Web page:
Buying apples we usually wash them and eat right away. However, on many of them may be a large layer of wax.
You must know that apples themselves produce an oily film on their surface. They do this when they are stored too long in a warm place or ripen too quickly. This is a perfectly normal process. However, sellers sometimes cover the skin with an additional layer of wax. This makes the fruit shiny and glossy. The wax is supposed to help the apples survive transportation, improve their color and make them firm, fresh and, of course, pretty.
#What is Behind the Name Wax?
Apples are coated with a mixture of waxes, polysaccharides, mineral oils or proteins. In use are waxes of natural origin: carnauba (extracted from palm leaves) or shellac (resin obtained from the secretion of worms). Unfortunately, some manufacturers use waxes based on petroleum or petroleum jelly. Those products are called microcrystalline waxes and are also used to gloss cakes, tablets or chewing gum. Eating large amounts of apples coated with synthetic substances can lead to intestinal disorders, poisoning or headaches.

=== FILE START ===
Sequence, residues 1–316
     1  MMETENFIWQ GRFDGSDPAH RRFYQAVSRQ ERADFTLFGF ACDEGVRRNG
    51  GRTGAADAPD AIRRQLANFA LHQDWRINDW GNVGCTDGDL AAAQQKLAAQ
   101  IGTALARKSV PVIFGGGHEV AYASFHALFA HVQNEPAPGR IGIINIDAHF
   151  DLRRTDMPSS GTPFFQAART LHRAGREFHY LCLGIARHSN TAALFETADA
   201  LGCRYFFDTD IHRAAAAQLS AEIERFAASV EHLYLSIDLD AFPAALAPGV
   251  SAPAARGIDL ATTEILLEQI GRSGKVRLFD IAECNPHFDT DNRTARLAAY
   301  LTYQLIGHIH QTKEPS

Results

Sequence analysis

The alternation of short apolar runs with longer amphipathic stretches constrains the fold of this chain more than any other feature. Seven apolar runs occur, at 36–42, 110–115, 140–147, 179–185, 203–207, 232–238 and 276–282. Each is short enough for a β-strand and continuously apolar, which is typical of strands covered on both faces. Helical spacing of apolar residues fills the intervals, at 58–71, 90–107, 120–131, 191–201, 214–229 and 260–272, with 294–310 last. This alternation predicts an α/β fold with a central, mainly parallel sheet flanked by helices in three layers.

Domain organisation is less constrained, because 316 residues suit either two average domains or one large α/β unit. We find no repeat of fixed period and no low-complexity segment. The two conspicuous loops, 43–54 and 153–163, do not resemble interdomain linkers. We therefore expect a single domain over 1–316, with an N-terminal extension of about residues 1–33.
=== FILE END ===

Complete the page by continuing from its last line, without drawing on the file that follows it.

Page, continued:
This is why it is so important to wash apples properly. It takes some work to remove the wax layer from the peel. (The easiest option, of course, would be to peel the apple from the skin). If you want to find out how much wax is on your apples, put them in a bowl and pour hot water over them. The wax will appear as a white residue.
Two Steps for Wax Removal
Add half a cup of vinegar or 2-3 teaspoons of citric acid to a liter of water. Put in the apples and wait a few minutes.
#2 Baking Soda
Add 2-3 teaspoons of baking soda to a liter of water and put the apples. After a few minutes, you will easily remove the wax.
What are your methods for removing wax from apples?